We Westerners who like to be specific and linear have trouble with drawing analogies to something whole; we are either red or green, black or white, White Sox or Cubs.  But, the Gospel continually confronts us with the words of Jesus which defy divisions.  He knows his faith-filled disciples: the same ones who will walk on water and proclaim that Jesus is “the Messiah, the Son of God, the one who is coming into the world,” will fall asleep in his greatest hour of need, and complain about mundane little nothings instead of simply listening to Jesus.

We are all these things at once—the good, the stunted, the griefs, the anxieties, the joys and the hopes.  But, the good news is that Jesus comes to save not just part of us—but all of us.

He’s here for the whole garden.

There is hope for us, not only in our public and liturgical worship, but in our families, our friends, our small communities, and our spouses.  We can practice caring for these messy gardens together.  We can practice hearing and doing God’s word.  Whether we have ready access to sacramental ministers in the 21st century or not, we can feed our souls through the source and font of our faith in the Eucharistic celebration of the Mass, and in daily prayer both by ourselves, or where two or three might be gathered.

If, as Jesus says in our parable today, the seed is the word of God—the more we might tend to hearing it and filling our lives with God’s word, the more we might create good ground and, with hope, a fruitful harvest not only for ourselves but for the whole world.

So let us pray—at home, in our hearts, and in our liturgy.  Those with ears ought to hear.

Worship and Wildfires

A recent news headline caught my attention: “Californian winemakers are learning firefighting techniques.”  Of course, humans have long been familiar with the injury, death, and destruction that fires can cause.  What struck me about this headline is the direct connection between wildfires and the wine that is used in Christian liturgy.  In regions of California, at least, wine country no longer merely abuts wildfire country but *is* wildfire country.  I have no evidence to suggest that the world is going to run out of wine any time soon.  Still, I wonder about how the ways in which our liturgies, which sacramentalize wine into the Blood of Jesus Christ, contribute to the circumstances which make wine country into fire country.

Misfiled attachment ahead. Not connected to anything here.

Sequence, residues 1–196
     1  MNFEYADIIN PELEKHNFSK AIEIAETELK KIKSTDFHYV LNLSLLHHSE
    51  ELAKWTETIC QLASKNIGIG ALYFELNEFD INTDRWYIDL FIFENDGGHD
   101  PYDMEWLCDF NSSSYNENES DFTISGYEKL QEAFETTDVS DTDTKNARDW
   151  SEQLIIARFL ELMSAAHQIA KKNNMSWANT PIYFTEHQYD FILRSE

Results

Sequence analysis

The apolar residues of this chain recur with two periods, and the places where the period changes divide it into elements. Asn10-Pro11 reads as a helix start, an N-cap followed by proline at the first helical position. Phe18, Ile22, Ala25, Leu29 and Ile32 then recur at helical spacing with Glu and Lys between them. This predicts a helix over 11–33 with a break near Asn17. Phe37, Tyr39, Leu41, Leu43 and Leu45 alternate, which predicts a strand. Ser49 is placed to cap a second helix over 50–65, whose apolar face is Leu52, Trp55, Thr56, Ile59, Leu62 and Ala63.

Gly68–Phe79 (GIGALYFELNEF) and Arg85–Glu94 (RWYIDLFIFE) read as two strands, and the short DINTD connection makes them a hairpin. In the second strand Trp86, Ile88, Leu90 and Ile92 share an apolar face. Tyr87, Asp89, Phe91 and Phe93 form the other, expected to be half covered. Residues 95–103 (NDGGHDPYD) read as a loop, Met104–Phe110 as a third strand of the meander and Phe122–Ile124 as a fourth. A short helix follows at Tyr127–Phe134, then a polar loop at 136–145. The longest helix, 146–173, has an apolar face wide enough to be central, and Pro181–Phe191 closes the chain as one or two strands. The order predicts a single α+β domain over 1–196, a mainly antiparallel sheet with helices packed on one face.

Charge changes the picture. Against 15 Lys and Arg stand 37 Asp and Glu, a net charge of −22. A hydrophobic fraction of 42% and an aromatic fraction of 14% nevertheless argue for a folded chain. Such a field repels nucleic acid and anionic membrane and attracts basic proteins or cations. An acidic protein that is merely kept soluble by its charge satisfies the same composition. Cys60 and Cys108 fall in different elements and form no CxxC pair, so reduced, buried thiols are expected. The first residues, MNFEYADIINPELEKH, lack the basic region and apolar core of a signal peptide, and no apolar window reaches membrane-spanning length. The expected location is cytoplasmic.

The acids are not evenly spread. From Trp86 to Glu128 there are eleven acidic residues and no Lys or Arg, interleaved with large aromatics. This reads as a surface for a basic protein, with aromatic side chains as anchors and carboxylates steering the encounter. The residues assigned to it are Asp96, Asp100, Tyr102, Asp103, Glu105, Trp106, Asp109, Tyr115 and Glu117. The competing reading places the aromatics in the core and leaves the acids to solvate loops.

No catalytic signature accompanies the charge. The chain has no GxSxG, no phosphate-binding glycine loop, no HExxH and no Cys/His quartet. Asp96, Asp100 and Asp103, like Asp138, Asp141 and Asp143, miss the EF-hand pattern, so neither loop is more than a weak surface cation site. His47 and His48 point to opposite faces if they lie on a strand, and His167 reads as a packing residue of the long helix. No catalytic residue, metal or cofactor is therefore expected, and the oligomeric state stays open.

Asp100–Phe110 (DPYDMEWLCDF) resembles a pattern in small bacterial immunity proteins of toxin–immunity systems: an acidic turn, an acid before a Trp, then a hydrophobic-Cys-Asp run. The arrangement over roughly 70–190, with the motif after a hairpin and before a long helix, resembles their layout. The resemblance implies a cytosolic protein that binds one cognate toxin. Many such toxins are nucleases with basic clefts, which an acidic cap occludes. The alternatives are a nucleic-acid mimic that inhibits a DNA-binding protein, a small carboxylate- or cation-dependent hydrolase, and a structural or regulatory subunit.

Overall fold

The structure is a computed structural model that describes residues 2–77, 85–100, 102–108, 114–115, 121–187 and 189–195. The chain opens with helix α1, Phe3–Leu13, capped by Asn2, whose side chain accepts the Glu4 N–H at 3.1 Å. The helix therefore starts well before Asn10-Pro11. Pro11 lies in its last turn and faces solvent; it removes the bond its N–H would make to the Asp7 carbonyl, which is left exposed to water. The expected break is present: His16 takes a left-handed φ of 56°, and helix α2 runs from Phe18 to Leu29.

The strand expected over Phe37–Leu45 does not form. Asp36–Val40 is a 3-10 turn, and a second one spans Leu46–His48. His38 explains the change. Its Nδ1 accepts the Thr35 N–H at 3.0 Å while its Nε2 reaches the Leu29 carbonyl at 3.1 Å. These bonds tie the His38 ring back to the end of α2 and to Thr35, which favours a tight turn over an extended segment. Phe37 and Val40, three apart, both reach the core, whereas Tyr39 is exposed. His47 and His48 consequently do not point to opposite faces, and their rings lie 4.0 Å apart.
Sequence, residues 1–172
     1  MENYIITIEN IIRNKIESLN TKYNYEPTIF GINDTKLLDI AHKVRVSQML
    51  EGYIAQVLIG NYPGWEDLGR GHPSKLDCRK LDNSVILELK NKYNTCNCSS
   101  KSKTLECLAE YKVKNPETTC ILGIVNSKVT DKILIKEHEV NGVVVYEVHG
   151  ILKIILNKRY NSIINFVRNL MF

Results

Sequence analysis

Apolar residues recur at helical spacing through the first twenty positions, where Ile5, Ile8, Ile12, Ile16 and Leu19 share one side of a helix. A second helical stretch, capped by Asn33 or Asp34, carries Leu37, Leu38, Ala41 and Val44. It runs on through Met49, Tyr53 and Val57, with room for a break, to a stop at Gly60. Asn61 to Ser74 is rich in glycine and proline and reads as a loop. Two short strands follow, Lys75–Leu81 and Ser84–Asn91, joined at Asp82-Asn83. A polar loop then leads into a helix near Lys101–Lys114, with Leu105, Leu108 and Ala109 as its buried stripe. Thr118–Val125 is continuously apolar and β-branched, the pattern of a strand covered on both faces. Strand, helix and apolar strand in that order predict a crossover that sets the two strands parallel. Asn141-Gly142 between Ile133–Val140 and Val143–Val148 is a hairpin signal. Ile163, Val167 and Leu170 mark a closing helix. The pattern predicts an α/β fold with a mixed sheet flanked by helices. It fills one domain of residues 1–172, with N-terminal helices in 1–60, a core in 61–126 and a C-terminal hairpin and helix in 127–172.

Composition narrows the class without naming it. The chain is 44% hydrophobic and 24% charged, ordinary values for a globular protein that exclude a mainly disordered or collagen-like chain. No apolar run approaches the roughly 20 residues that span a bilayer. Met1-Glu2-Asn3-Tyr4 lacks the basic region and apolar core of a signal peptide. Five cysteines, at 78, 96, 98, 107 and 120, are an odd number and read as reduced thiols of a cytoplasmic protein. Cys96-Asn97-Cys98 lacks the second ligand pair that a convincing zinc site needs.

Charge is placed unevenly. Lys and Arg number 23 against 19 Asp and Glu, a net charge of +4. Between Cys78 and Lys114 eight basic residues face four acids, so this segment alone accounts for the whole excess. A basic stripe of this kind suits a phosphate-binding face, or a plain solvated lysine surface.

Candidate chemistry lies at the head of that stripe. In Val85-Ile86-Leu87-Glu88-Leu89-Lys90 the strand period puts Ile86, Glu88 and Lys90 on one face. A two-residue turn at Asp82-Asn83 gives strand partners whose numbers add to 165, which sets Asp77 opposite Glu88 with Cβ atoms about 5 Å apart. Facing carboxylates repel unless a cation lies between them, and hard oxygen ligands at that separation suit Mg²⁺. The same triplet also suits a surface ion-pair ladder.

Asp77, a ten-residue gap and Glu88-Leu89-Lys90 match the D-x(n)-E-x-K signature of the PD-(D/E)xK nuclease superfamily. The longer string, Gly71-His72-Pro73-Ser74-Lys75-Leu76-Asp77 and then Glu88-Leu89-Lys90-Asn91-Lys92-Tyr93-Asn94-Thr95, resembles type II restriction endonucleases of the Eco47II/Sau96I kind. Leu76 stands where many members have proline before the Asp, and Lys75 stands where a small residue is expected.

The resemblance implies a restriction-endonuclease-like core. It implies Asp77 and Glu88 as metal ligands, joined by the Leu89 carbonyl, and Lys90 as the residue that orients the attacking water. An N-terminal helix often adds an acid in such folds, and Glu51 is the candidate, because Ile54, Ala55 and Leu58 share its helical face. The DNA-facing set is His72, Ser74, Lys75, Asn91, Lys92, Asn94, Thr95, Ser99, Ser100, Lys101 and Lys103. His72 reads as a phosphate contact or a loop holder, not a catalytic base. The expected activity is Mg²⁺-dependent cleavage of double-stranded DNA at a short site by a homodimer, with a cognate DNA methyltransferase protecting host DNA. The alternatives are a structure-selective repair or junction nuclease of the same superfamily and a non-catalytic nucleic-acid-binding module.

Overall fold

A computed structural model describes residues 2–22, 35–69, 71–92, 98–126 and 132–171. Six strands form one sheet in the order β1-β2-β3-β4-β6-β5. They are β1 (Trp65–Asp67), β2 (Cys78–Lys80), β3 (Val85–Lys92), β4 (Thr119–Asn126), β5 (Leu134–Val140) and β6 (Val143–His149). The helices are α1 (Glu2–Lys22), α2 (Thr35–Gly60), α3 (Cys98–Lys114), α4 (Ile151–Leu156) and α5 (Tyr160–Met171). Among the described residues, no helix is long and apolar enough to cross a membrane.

For example, do we heat / cool our worship spaces to an excessive degree, all the while drawing on fossil fuels?  Can we convert some spaces in our parking lots into EV charging stations, which can be used when the worship space is not engaged?  For at least some parishes, is it feasible to install solar panels to mitigate reliance on fossil fuels?  Can we use wine with integrity in our Eucharistic liturgies if we do not at least begin to consider questions such as these?  What other “questions such as these” should we be raising?

The risk is not simply to the grapevines themselves.  When our ways of celebrating liturgies and running our parishes contribute in however small a way to global warming, we also place the lives of others (e.g., firefighters) at hazard.  The “fruit of the vine and work of human hands” we raise to God in our liturgies should involve the work of vintners who tend the vines, those who harvest and process the grapes, those who oversee the fermentation, those who ship it.  As a general rule, it should not have to involve the work of emergency crews battling fires burning thousands of acres.  Can we worship with integrity if our parish affairs and personal decisions simply take for granted the risks those affairs and decisions impose on others?

The news item from California sacramentalizes the wider field in which liturgical practices are inevitably and inexorably situated, namely, the entire ecosphere.  Regarding liturgy and the ecosphere as two mutually exclusive domains is an error which we must always challenge, first of all in ourselves.